As part of UTSA’s engagement with ModernThink, a survey response comparison was provided. This chart compares average responses from UTSA faculty and staff against three different groups. Group A is all universities that ModernThink has engaged with who have an enrollment of over 10,000 students. Group B is all ModernThink clients who are categorized as Carnegie Doctoral Research Institutions. Lastly, Group C is a group of peer institutions selected by UTSA. UTSA’s peer models of excellence are as follows: Arizona State, FIU, George Mason University, Georgia State, Portland State, UC-Irvine, UC-Riverside, UC-Santa Cruz, UCF, and UMBC. These are all high research institutions located in major metropolitan areas, and the majority of them are Hispanic or minority serving universities.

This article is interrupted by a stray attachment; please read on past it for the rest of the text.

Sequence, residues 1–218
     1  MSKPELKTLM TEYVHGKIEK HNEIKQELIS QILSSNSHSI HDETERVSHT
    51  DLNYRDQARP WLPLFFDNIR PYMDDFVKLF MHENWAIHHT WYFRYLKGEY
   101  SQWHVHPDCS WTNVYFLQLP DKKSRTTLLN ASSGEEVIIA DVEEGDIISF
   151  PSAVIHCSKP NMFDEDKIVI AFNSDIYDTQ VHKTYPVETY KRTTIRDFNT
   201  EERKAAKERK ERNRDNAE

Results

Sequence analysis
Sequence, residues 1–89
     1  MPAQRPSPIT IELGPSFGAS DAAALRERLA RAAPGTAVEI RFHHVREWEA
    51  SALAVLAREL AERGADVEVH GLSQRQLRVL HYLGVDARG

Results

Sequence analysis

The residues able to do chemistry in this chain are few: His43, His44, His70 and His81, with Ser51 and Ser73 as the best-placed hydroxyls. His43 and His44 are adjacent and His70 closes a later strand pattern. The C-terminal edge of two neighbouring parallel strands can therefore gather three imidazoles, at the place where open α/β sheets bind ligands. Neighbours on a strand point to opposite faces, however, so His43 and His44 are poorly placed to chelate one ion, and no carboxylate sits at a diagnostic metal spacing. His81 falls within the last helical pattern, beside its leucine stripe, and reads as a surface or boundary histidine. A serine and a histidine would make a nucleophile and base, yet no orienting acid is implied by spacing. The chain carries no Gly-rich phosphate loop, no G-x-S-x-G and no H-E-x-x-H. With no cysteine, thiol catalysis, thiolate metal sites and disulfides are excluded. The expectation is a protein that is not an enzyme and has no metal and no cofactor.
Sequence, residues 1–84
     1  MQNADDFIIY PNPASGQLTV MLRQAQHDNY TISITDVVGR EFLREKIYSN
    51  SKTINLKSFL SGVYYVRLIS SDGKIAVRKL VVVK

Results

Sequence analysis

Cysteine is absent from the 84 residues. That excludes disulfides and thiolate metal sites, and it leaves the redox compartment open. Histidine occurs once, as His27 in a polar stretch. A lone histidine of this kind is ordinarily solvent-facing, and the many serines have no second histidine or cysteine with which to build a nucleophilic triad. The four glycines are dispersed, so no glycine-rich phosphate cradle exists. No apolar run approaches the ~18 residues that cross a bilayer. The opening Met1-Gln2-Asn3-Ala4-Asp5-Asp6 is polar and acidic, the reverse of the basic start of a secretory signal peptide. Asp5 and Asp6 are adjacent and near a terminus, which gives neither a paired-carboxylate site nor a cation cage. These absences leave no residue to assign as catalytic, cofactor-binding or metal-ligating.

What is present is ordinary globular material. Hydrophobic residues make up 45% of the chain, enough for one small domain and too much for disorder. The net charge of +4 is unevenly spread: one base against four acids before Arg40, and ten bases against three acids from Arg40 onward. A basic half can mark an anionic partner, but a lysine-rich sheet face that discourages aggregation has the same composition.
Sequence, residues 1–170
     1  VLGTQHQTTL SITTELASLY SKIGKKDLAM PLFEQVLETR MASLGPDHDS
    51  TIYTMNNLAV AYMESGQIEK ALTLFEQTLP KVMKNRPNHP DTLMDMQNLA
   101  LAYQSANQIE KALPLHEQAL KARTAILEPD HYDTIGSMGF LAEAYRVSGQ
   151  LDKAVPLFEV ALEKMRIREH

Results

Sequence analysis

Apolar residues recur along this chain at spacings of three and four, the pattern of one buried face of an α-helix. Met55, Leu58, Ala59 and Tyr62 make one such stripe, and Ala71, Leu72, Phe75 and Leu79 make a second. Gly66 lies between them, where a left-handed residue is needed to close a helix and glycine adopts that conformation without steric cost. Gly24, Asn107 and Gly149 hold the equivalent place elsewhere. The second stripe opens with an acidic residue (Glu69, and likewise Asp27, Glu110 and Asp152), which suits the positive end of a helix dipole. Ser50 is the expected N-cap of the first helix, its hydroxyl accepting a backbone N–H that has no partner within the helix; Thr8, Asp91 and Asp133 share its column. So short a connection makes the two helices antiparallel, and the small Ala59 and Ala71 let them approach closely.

Unfortunately, UTSA’s faculty and staff responded with less satisfactory answers than all three different benchmarking groups in 15 of 16 survey categories. The lone exception was the category to measure the faculty and staff’s satisfaction with their department chairs and supervisors.

I had previously mentioned a 65.3% satisfaction response average for UTSA. To compare that against the benchmarks, group A scored 79%, group B scored 71%, and group C scored 72%.

Relative to its peers, UTSA scored tremendously poorly in the “Shared Governance” category. Only 12.5% of survey respondents felt that the UTSA faculty and staff were meaningfully involved in institutional planning. Just 43% of faculty and staff agreed that “the role of staff in shared governance is clearly stated and publicized.” Most glaringly, just 36% of survey respondents indicated that the staff is appropriately involved in decisions related to administrative and operational matters such as curriculum policy development and evaluation. Clearly UTSA has its work cut out for it in making its faculty and staff feel like they have ownership of the direction of the university.